COLUMBUS, Ohio — Donald Trump questioned the integrity of the upcoming presidential election, criticized Columbus' fire marshal for limiting his crowd size and told people in Ohio's capital that "everything's rusting and rotting" in the nation's former industrial centers.
By and large, the people loved it.
Hundreds were turned away from Monday's event at the Columbus Convention Center; capacity was limited to 1,000 people.
"They’ve all been turned away. You saw them — it's a disgrace. So that's for political reasons," Trump alleged.
The Columbus Division of Fire told ABC News Trump's campaign was aware of the venue's capacity when it booked the space last Friday.
At the start of his town hall meeting, Trump blasted President Barack Obama's foreign relations policy, saying the United States should get along with Russia. He also took time to reinforce his stance on how to best protect the country and create jobs.
"The people in Ohio, the people in the Rust Belt — and they call it the Rust Belt for a reason, because everything's rusting and rotting — you lost your jobs. They're moving to Mexico," Trump alleged.
Trump's main opponent, Democrat Hillary Clinton, also made stops through the so-called Rust Belt over the weekend, touting her message of better pay to boost the middle class. The visits are hardly surprising: Swing states Ohio and Pennsylvania figure large in any presidential candidate's game plan.
In Columbus, Mark Kelly found himself pulled toward Trump's message Monday.
"I was most impressed with his stance of keeping jobs in America, specifically let the states battle it out — that’s fine, but going out to foreign countries and that, obviously that is an issue," Kelly said.
Monday's appearance — Trump's second stop in Ohio in less than week — was his first since his latest controversy: At last week's Democratic National Convention, Khizr Khan, father of an American Army captain killed in Iraq, spoke out against Trump, saying, "You have sacrificed nothing and no one." Khan also referred to Trump's call to ban Muslims from the United States, saying his son would never have been able to come to America.
Trump loyalists weren't swayed.
"I really think that the Democratic Party pays the man to say the things he said against Trump," Judy Gibson said. "The son was a hero, but we have a lot of heroes."
Trump drew criticism questioning why Khan's wife, Ghazala, stood silently on stage during her husband's speech. She's said she finds it too painful to talk about her son.
"I think some things Donald needs to slow down on what he says, but other than that, people make mistakes," Navy veteran Scott Law said. "But I like Donald Trump, nobody is going to change my mind about that."
But Trump saved his most stunning comments for a forecast of the upcoming election, saying he fears it "is going to be rigged" — an unprecedented assertion by a modern presidential candidate.
Trump's extraordinary claim — one he did not back up with any immediate evidence — would, if it became more than just an offhand comment, seem to threaten the tradition of peacefully contested elections and challenge the very essence of a fair democratic process.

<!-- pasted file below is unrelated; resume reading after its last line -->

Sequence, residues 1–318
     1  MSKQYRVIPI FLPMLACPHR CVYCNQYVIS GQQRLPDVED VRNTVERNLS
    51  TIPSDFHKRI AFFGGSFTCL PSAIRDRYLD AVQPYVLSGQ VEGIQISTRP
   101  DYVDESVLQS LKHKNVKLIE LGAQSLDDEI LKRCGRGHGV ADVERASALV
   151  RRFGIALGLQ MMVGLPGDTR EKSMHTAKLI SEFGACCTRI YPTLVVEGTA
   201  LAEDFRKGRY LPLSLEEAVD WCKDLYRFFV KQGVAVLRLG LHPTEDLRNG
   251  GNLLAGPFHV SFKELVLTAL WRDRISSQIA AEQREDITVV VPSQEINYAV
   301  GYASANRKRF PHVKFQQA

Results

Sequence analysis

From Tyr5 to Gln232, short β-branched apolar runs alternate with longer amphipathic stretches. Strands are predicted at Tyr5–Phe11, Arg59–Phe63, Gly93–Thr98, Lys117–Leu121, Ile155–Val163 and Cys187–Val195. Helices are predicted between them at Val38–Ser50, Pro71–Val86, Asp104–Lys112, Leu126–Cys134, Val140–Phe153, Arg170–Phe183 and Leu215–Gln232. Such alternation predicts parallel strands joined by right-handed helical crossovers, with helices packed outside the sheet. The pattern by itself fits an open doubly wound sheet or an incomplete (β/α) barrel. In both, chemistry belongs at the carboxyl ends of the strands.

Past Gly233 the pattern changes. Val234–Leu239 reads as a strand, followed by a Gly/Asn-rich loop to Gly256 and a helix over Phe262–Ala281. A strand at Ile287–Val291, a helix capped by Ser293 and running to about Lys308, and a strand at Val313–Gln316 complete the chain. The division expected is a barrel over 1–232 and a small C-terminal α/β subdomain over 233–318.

"I'm afraid the election is going to be rigged, I have to be honest," he told the crowd in Columbus. He added that he has been hearing "more and more" that the election may not be contested fairly, though he did not elaborate further.
Trump made the claim after first suggesting that the Democrats had fixed their primary system so Clinton could defeat Bernie Sanders. Trump has previously backed up that thought by pointing to hacked emails from the national party that appeared to indicate a preference for Clinton. Still, the former Secretary of State received 3.7 million more votes than Sanders nationwide and had established a clear lead in delegates by March 1.
The celebrity businessman — who has been known to dabble in conspiracy theories, including claims that President Barack Obama was not born in the United States and, more recently, that Sen. Ted Cruz's father was an associate of President John F. Kennedy's assassin — also claimed that the Republican nomination would have been stolen from him had he not won by significant margins.
He then asserted that November's general election may not be on the up-and-up.
Requests to Trump's campaign for additional explanation were not returned.
The statement could be an effort by Trump to lay the groundwork of an excuse if he goes on to lose the general election. But if he were to be defeated in November and then publicly declare that the election results were bogus, his claim could yield unpredictable reactions from his supporters and fellow Republicans.
Trump did not repeat his claim at an evening rally in Mechanicsburg, Pennsylvania. But he has not been shy of asserting that the electoral process has been "rigged."
It became a frequent catchphrase of his during a low-water mark of his primary campaign this spring, when forces allied with Republican rival Ted Cruz managed to pack state delegations with supporters of the Texas senator. Trump also asserted that the Republican Party had changed the delegate allocation in the Florida primary to favor a native candidate, like Jeb Bush or Marco Rubio, at Trump's expense.
In recent weeks, in an effort to woo angry Sanders supporters to his campaign, Trump has made the claim that the Democrats' process was also rigged. Monday night, Trump said Sanders "made a deal with the devil," and said of Clinton, "She's the devil."
The Clinton campaign declined to comment about Trump's remarks.